Do you plot or free-flow?
Some writers start off with a massive sheet of paper, scribbled with charts and graphs. They jot down just what’s going to happen from the very first page to the turning point, right through to the climax and beyond.
If that sounds like you, you might be writing a plot-driven novel. And I envy you – your destination might be miles away, but you can see it there like a landmark in the tiny distance.
If you just scribble down rough ideas for characters that’ll leap into the murky situations you create for them, you might just find yourself in the territory of the character-led novel.
‘You have a character-driven novel,’ an editor recently told me. ‘So the plot depends on how each character evolves.’
When I started writing The Maid’s Room, I had three characters in mind. I jotted down a couple of key events, read a few text books about how to write a novel then blundered my way through. Even though the book got placed in a competition, that first draft was pretty amateurish. There were enough self-conscious phrases to leave you moaning in pain.
But I wasn’t giving up on it – I knew I had strong characters, so I tinkered, and edited, titivated and rewrote. Then finally a renowned literary agent gave me a good talking to. She loved so much about the book, but the plot was just so flipping depressing. Well, it certainly wasn’t going anywhere the way it was, so I decided to rewrite it.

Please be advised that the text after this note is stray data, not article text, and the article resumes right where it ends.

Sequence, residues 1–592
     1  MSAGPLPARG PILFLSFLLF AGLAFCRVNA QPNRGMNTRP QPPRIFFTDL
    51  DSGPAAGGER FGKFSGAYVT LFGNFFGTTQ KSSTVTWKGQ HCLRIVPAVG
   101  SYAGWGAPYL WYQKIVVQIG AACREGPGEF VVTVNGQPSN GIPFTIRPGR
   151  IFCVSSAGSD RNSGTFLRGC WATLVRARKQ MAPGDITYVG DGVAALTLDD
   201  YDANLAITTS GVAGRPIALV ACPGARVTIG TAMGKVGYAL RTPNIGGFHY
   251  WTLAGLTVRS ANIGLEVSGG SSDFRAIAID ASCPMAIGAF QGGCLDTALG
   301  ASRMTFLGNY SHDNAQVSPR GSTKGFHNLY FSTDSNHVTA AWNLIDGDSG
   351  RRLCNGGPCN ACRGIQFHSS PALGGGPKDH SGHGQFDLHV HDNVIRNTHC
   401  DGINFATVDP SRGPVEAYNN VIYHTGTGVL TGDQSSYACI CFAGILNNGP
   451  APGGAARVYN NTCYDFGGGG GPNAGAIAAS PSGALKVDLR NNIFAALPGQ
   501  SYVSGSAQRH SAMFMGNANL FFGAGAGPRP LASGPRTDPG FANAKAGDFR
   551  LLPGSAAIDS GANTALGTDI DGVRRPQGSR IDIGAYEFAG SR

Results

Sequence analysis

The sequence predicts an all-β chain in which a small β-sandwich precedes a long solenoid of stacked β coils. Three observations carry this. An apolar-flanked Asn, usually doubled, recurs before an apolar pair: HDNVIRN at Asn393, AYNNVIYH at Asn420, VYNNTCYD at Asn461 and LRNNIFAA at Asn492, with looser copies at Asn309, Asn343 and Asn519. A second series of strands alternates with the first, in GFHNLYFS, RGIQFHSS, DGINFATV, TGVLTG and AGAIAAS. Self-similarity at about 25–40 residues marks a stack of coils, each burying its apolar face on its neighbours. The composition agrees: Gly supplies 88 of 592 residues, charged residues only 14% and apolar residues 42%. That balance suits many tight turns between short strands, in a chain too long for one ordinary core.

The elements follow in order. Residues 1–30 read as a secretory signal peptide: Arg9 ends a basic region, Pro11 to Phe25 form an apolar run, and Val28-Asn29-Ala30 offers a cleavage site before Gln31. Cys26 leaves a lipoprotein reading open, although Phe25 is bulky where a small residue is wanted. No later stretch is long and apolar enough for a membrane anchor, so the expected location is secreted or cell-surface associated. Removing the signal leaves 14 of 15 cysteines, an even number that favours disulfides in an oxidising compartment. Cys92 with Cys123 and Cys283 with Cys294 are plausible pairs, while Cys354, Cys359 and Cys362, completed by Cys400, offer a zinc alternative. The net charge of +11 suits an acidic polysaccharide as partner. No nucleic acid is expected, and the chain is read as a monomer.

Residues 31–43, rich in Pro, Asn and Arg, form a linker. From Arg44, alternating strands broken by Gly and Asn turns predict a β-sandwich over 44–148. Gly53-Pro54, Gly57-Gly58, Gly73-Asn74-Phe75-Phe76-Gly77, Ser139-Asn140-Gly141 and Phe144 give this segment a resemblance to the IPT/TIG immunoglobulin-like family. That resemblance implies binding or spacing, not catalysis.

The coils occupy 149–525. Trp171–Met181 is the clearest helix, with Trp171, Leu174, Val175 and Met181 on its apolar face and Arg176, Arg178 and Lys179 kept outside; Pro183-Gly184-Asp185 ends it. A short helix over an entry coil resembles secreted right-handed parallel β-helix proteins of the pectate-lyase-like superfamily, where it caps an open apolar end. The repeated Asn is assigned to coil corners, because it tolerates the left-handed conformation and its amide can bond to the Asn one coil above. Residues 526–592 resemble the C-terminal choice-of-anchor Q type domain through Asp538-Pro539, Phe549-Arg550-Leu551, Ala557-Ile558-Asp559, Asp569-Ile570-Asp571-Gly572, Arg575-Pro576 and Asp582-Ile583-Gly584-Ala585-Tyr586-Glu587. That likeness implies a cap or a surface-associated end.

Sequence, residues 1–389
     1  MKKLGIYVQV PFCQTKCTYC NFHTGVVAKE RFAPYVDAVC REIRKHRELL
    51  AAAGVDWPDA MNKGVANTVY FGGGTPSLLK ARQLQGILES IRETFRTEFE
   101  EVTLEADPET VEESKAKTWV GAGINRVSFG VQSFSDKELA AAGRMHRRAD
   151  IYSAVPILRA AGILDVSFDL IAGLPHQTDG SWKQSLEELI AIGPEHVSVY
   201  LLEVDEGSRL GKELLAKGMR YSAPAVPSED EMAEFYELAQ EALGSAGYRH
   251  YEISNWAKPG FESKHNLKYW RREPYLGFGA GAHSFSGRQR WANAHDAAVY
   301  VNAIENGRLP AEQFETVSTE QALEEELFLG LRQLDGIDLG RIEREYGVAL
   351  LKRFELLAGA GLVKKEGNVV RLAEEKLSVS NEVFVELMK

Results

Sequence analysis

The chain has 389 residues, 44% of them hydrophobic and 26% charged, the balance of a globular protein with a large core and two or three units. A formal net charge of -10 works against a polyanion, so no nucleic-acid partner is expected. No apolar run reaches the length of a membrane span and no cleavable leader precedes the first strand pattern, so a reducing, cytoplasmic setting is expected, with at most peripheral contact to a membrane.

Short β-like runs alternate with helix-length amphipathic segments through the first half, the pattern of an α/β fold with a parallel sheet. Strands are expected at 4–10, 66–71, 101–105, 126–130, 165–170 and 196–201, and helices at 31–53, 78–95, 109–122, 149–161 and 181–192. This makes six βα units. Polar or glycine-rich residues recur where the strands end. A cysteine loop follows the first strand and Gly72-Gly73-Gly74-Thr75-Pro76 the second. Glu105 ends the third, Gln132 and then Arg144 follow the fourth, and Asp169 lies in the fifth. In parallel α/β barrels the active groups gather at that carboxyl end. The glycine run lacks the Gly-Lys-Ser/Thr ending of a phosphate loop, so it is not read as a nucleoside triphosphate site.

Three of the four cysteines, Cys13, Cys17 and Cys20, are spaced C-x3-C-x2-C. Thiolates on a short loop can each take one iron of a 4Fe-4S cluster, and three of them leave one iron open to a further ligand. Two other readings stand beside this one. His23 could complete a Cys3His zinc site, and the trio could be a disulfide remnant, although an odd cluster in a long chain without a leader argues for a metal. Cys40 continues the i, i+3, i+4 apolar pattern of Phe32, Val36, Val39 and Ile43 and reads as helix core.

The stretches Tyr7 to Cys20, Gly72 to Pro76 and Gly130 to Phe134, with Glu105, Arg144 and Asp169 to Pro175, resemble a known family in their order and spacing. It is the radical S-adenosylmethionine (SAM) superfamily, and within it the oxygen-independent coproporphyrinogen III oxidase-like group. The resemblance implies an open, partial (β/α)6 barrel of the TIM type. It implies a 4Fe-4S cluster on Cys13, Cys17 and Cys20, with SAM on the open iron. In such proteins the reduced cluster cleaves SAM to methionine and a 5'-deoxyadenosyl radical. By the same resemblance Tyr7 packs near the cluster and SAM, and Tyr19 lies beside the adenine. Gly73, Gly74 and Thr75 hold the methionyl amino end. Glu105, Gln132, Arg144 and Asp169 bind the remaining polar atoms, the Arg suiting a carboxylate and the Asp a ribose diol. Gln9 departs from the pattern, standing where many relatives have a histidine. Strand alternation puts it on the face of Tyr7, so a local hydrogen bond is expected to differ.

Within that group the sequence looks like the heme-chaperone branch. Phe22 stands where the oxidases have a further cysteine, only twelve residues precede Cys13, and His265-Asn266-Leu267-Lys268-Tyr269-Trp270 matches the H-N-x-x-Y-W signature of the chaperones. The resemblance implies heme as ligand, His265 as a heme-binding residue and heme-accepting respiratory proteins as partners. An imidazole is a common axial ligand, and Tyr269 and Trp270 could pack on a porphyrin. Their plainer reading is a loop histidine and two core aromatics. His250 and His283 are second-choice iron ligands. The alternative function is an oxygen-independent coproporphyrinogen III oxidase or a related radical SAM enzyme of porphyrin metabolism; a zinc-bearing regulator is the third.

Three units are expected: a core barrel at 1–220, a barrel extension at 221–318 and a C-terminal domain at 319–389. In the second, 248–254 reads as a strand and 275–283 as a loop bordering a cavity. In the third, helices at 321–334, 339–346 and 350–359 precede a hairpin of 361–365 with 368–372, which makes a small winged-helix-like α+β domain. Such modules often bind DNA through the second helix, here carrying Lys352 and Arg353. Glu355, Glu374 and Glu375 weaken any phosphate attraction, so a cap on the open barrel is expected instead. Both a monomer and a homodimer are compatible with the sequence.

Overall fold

That’s when I went down the graphs route. My friend, Lucy, thought she was taking me out for a birthday lunch. Instead, I unravelled my A3 sheet of paper complete with columns and arrows, capital letters and conclusions. Lucy managed to look interested. The characters would remain the same, the setting too, but there was a new plot for them all to fall into.
I started writing, knowing what was going to happen, and it did. It was just the characters got a bit distracted along the way. Next, another agent referred me to an editor who’s now keeping me on the straight and narrow.
So I started off a free-flower and have ended up a plotter.
With book two, I think I’d feel safer having a plan, but until you get to know your characters, how can you work out what they’re going to do? Which means I’ll probably head down the same route – create characters, put them into awkward situations then see how they react.
This piece was inspired by a post by author Claire Fuller.